Perhaps the best known celebutante is Paris Hilton, an attractive heiress whose fame was marginal and talent undefined until the viral Internet release of an explicit sex video, A Night in Paris. Her Internet-based fame led to a reality show, The Simple Life, which was short-lived but had a cult-like following.

Paris, now in her thirties, may have more staying power than many of her more talented contemporaries. More than ever, stardom depends on image marketing and Hilton is no empty-headed bimbo. She is a granddaughter of hotel executive Conrad Hilton, and she has demonstrated her canny business sense and ability to turn celebutante notoriety into economic opportunity. Her release from a short prison term assured her extensive coverage across multiple TV channels in the United States and around the world. Paris has produced a variety of reality shows for several cable channels and has branched out with successful beauty and clothing lines. Paris may prove to be the first of many Internet-dependent celebrities who are able to sustain lifelong popularity through personal marketing.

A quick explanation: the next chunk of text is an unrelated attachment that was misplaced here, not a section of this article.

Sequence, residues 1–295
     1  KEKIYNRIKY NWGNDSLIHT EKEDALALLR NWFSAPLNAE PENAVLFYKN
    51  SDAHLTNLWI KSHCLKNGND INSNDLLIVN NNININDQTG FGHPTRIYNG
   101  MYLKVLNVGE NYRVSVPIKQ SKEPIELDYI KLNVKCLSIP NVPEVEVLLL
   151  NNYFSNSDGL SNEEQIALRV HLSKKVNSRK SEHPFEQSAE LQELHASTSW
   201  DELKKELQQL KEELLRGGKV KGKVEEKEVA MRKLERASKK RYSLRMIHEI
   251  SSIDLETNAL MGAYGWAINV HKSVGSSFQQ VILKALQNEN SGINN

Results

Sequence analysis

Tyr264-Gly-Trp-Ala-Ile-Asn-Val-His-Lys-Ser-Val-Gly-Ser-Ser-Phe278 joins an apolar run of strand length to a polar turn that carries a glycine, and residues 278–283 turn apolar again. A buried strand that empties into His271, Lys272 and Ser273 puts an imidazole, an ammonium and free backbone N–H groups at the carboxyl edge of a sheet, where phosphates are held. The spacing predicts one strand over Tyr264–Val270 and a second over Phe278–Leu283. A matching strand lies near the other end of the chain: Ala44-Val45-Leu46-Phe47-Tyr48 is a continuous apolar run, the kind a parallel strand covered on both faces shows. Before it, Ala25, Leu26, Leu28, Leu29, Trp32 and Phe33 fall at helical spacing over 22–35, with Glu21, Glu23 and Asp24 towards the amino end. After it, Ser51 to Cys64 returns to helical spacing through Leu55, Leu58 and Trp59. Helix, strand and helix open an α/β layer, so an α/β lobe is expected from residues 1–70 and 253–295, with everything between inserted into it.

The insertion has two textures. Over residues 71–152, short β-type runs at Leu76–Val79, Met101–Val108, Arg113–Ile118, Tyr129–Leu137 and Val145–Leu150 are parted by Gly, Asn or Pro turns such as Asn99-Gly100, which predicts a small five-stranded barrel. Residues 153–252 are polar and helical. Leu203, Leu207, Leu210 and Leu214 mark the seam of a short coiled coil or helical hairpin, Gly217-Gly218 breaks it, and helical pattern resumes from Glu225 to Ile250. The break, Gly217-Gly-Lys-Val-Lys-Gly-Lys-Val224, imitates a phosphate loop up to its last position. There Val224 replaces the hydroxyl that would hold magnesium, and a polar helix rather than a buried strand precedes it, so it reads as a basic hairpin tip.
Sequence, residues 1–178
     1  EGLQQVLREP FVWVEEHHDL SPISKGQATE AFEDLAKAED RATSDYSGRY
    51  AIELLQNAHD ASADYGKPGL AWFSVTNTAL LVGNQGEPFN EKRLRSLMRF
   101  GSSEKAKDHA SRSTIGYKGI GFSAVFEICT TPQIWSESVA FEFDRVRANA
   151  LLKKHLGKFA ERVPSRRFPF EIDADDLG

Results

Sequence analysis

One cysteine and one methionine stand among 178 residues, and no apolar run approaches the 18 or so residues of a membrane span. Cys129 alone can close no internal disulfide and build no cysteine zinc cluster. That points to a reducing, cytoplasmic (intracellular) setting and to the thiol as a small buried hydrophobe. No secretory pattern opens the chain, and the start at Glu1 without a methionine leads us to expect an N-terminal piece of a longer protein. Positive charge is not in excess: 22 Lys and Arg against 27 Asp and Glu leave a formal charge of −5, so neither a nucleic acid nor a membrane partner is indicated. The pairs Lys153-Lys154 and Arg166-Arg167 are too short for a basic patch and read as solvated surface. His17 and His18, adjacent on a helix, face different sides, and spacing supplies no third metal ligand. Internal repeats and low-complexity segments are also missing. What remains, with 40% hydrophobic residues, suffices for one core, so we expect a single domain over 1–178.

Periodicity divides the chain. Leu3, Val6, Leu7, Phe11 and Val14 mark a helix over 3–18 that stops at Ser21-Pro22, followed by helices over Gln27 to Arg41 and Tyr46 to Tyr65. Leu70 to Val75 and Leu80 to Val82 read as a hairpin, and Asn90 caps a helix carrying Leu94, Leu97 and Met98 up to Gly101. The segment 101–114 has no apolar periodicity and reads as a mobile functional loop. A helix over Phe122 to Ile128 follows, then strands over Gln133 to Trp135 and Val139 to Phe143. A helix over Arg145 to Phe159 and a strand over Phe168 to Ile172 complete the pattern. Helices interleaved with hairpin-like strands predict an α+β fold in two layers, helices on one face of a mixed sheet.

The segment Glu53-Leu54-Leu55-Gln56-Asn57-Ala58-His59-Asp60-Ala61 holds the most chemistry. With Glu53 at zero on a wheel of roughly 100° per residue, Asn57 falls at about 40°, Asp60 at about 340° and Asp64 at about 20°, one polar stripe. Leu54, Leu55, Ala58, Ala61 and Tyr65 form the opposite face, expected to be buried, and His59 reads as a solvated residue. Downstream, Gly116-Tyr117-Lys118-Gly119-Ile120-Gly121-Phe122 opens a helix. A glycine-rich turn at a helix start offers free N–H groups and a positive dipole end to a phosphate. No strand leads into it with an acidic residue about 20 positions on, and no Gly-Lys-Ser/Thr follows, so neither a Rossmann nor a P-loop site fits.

Despite the prison and sex scandals, Hilton describes herself as a role model for children and young adults, claiming to teach them self-esteem. Some consumers disagree, criticizing her children's clothing line as "party clothes for young sluts." The Hooked Up Gen are more ambivalent, perhaps remembering how they emulated the Spears and Hilton look by wearing similar revealing clothes in their early teens.

However, today's Hooked Up Generation are also less likely to reward self-absorbed instant celebutantes who depend more on sensation and controversy than talent.

Brittany Saale, a 21-year-old college psychology major, explains: "This type of celebrity worship doesn't influence me. I may copy a hairstyle I like, but that's about all."